This November, California courts and the Judicial Council of California join the nation in recognizing National Native American Heritage Month.
- According to the most recent U.S. Census data, California is home to more people of American Indian/Alaska Native heritage than any other state.
- Currently 109 federally recognized Indian tribes in California and several non-federally recognized tribes petitioned for federal recognition through the Bureau of Indian Affairs Office of Federal Recognition.
- California has 27 tribal courts, serving approximately 40 tribes.
- The Judicial Council provides staff to the Tribal Court-State Court Forum, as well as education and technical assistance on the Indian Child Welfare Act, violence prevention, and tribal justice systems.
People of Native American descent have and have had leading roles in our state courts, as well as tribal courts within California. This month, we are recognizing a few current and past Native American judges in California who have impacted our judicial system.
After 25 years of service on the bench, Judge Gilbert Lopez retired in 2020 from the Los Angeles Superior Court. In his 1998 State of the Judiciary address, Chief Justice Ronald George acknowledged Judge Lopez: “His can-do spirit and concrete contributions provide a tangible symbol of the willingness of judicial officers and staff to take that extra step far beyond their job descriptions to make sure that the system can function, and the public can be properly served.” The praise was in reference to a time when LA’s Huntington Park Court lacked funding for the makeshift courtroom renovated for Judge Lopez. Judge Lopez resolved the issue himself by using his home workshop to construct his own jury box, bench, and bailiff’s desk.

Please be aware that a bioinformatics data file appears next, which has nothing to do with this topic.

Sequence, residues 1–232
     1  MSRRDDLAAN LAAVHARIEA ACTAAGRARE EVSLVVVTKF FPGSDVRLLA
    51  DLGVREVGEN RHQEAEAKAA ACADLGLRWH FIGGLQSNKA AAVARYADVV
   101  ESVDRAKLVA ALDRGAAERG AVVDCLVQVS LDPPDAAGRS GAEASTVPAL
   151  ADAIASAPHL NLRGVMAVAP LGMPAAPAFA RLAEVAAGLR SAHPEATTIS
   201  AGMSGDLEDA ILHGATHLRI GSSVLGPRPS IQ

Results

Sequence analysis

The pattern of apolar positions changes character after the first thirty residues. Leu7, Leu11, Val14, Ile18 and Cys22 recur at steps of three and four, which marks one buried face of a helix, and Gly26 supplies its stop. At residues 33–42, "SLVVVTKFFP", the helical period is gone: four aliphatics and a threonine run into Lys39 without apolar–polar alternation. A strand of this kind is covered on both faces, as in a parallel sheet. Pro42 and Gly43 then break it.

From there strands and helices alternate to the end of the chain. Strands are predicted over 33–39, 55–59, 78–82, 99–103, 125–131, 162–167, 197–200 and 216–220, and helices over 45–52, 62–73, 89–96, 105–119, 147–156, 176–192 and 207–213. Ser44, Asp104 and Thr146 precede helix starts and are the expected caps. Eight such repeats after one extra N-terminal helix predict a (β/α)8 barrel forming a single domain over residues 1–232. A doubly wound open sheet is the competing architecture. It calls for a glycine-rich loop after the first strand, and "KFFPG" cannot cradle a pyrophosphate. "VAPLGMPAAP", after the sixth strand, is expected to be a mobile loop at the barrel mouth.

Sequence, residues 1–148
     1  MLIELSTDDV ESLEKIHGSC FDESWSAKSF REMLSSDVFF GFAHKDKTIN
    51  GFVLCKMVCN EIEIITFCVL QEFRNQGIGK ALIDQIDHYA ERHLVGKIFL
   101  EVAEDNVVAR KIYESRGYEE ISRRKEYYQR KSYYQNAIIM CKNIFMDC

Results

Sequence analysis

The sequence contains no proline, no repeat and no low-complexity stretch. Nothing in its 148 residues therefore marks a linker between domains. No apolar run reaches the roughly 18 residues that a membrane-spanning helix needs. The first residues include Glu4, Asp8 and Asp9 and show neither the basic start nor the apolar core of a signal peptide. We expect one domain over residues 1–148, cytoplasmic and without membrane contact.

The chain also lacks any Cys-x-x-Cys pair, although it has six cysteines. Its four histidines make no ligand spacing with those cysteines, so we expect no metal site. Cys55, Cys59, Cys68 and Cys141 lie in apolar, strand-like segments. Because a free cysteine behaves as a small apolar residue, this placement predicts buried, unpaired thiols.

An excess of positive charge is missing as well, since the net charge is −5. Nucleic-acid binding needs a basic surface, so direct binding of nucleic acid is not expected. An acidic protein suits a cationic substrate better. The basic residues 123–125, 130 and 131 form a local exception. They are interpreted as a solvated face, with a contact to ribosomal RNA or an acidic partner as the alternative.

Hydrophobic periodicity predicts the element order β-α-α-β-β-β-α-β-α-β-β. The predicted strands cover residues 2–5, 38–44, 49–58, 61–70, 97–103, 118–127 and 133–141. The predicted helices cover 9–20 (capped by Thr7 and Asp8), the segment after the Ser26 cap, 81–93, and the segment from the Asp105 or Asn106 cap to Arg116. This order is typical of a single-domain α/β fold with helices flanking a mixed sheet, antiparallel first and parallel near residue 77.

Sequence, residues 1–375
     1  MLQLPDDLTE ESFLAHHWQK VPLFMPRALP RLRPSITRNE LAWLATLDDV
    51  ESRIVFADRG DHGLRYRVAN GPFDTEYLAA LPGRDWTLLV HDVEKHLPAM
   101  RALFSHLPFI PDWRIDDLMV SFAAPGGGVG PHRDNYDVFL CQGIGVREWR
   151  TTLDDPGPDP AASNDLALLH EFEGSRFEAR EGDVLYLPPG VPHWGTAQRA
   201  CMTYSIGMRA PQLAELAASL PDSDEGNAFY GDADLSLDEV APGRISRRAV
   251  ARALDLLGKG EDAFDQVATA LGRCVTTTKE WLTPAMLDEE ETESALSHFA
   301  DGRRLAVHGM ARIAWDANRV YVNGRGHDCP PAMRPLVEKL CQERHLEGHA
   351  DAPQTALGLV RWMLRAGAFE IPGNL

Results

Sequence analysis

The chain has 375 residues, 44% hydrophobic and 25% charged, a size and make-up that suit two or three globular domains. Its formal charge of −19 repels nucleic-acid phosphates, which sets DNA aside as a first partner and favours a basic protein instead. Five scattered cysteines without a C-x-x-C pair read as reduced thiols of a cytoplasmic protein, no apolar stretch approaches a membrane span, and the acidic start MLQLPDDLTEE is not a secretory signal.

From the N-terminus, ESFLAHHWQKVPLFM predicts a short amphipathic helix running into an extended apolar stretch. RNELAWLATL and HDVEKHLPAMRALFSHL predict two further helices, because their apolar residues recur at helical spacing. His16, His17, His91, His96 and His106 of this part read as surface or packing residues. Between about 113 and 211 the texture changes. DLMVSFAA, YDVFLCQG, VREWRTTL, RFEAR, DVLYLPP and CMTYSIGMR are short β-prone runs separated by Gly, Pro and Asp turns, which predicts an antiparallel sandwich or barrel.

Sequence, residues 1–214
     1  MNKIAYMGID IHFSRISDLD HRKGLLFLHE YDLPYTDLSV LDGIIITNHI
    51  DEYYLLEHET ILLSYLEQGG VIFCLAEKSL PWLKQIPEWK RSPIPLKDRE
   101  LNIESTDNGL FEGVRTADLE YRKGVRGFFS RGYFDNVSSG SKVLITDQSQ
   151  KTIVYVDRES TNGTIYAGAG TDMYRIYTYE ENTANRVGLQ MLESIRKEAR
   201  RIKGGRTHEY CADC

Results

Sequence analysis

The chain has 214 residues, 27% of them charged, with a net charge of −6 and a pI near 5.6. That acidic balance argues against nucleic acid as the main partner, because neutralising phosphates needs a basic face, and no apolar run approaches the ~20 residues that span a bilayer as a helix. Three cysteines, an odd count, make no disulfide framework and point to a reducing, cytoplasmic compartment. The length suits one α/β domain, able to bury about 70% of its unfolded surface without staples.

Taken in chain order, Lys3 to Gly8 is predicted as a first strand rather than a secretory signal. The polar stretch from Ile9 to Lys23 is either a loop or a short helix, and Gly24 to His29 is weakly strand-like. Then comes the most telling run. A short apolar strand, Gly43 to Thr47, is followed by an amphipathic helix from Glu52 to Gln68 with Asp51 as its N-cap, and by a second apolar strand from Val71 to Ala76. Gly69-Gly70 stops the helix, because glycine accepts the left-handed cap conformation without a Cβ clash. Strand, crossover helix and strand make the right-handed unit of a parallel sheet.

Today, Judge Lopez is keeping busy in retirement, continuing his lifelong passion of making drums, a skill he says runs in his family.
“My grandmother was born on the San Felipe Reservation in New Mexico, and I follow the tradition,” he explains. He’s made close to 800 drums in his lifetime, all fashioned by hand using indigenous natural materials -- and he donates them for the purpose of recovery and healing.
“I don’t charge for my drums; I only ask people not sell them,” says Judge Lopez. “I owe it to the community to give back and this is the way I give back…and I’ll continue doing it until I can’t do it anymore.”